Razer launches high performance Blade gaming laptop


August 31, 2011

High performance gaming hardware specialist Razer has launched a high performance machine that weighs under seven pounds and is just 0.88 inches thin

High performance gaming hardware specialist Razer has launched a high performance machine that weighs under seven pounds and is just 0.88 inches thin

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Many people have ditched the powerhouse desktop PC in favor of the portability and convenience offered by a laptop. Where gaming is concerned though, mobile options powerful enough to deliver the kind of smooth visual experience necessary for today's immersive games tend to be on the bulky and heavy side. High performance gaming hardware specialist Razer is aiming to change all that with the release of the Blade gaming laptop. Just 0.88 inches thin and weighing under seven pounds, Razer's new gaming monster packs a second generation Core i7 processor, high performance NVIDIA graphics and a full HD 17.3-inch display into its full aluminum chassis.

Although it's true that gaming consoles have crept into many homes and resigned the dedicated PC workhorse to gather dust in the corner, most serious gamers prefer the latter. Gamers looking to take to the road, however, are often faced with trading off performance or portability. Razer hopes to sole this by problem by squeezing a host of powerful high-end components into a laptop that weighs just 6.97 pounds (3.16 kg) and is 0.88-inch (22.35 mm) thin - the Blade gaming laptop.

The laptop features a second generation Intel Core i7 2640M Processor running at 2.8GHz (3.5 GHz with Turbo Boost) on an Intel Mobile Express Series 6 PCH "Cougar Point" chipset, supported by 8GB of DDR3 memory. The NVIDIA GeForce GT 555M GPU comes with NVIDIA Optimus Technology which keeps a watchful eye over battery performance by swapping to less power-hungry integrated graphics when gaming performance is not needed and bringing on some GeForce power when it is needed. There's also 2GB of dedicated GDDR5 video memory capable of handling those all-important fast frame rates and supporting DirectX 11.

Visuals are rendered on a spacious 17.3-inch, 1920 x 1080 resolution LED backlit display, underneath which sits a full-size keyboard sporting a brand new gaming-oriented "Switchblade User Interface" to the right. This is comprised of a multi-touch LCD display that can also display in-game information and ten fully customizable, dynamic, adaptive physical game command keys.

There's a not-too-miserly 320GB 7200rpm SATA HDD for storage, Gigabit Ethernet, 802.11 b/g/n Wi-Fi and Bluetooth 3.0 wireless networking, a USB 3.0 port in addition to a couple of the USB 2.0 variety, a built-in high definition webcam and a 60Wh battery.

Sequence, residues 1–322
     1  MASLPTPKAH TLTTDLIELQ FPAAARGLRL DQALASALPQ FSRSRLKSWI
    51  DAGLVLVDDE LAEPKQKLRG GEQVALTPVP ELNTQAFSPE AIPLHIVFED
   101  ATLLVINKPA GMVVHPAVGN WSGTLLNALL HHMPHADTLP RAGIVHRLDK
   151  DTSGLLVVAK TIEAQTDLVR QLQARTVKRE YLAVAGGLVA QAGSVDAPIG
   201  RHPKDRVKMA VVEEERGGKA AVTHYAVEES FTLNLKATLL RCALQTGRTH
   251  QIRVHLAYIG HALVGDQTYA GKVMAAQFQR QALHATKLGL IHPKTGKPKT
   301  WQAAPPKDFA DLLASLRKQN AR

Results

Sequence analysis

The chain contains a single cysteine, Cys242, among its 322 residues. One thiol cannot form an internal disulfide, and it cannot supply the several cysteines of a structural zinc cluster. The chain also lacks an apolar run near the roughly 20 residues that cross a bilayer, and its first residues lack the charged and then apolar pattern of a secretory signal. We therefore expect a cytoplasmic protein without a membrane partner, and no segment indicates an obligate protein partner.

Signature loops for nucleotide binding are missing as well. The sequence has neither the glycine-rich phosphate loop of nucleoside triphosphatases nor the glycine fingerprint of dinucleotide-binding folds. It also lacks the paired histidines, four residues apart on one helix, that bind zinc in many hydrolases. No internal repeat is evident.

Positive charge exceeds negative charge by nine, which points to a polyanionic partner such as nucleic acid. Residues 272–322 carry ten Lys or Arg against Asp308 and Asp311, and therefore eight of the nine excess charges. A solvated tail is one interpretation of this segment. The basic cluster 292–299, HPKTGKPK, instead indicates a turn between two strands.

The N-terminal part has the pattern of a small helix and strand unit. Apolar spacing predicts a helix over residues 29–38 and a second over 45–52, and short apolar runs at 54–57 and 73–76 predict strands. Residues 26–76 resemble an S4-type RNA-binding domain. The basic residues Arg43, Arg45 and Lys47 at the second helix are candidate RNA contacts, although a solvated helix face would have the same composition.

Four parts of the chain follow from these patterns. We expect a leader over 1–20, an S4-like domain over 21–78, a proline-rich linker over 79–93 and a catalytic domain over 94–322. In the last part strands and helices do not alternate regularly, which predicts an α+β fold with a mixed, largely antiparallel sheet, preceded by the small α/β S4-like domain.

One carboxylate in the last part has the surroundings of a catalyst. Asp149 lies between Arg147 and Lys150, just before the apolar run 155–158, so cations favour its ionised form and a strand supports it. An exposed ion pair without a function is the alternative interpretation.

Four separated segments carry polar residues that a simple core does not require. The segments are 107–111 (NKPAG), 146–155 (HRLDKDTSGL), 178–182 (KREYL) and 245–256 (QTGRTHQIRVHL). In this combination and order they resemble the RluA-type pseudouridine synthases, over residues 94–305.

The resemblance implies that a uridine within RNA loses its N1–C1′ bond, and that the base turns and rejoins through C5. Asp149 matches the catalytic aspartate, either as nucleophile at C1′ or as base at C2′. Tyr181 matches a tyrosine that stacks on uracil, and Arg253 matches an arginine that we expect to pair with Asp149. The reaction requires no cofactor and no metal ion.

The Razer Blade will be available in the U.S. by the end of the year at a cost of US$2800.

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Paul Ridden While Paul is loath to reveal his age, he will admit to cutting his IT teeth on a TRS-80 (although he won't say which version). An obsessive fascination with computer technology blossomed from hobby into career before the desire for sunnier climes saw him wave a fond farewell to his native Blighty in favor of Bordeaux, France. He's now a dedicated newshound pursuing the latest bleeding edge tech for Gizmag. All articles by Paul Ridden

Looks great, although this kind of a laptop should have ssd. :D

Renārs Grebežs

too expensive considering you could build a better one for a lot less... whats the point of the touch pad, when most gamers use a mice? ud be better off buying an alienware to be honest...

Vikram Vishwanath

@Vikram - I think you\'re mistaken - since Alienware fell under Dell\'s control they\'re definitely lost some of their sparkle - the last ones I used were plasticky, with a very non-Alienware (but very Dell-like) build quality and despite the apparent high spec of components none of them appeared to work particularly well together. As somebody who has a work bought Dell gaming rig - a 2yr old Dell M1730 - I wouldn\'t touch anything Dell related with a barge pole (this particular M1730 has had two new motherboards, four \"new\" PSUs, three \"new\" GPUs (Dual SLI 1GB 9800M GTs) and two new screens - the last set of replacements were all refurb\'s since Dell ran out of new parts for these machines only a year after launch.

I also don\'t understand your statement \" could build a better one for less...\" - how? Are you going to manufacturer the case yourself - organise the bespoke motherboard to fit into, work out the best placement of fans and heat-sinks to optimise heat dissipation for the GPUs and CPU? Razer make extremely good machines - and for a gaming laptop that\'s what you want - and that\'s what you pay the premium for.

I do agree with Renars that it should have an SSD based HD though.


I am also stunned in disbelief: no SSD??!


\"..... and has a battery life of 15 minutes\" 8^)

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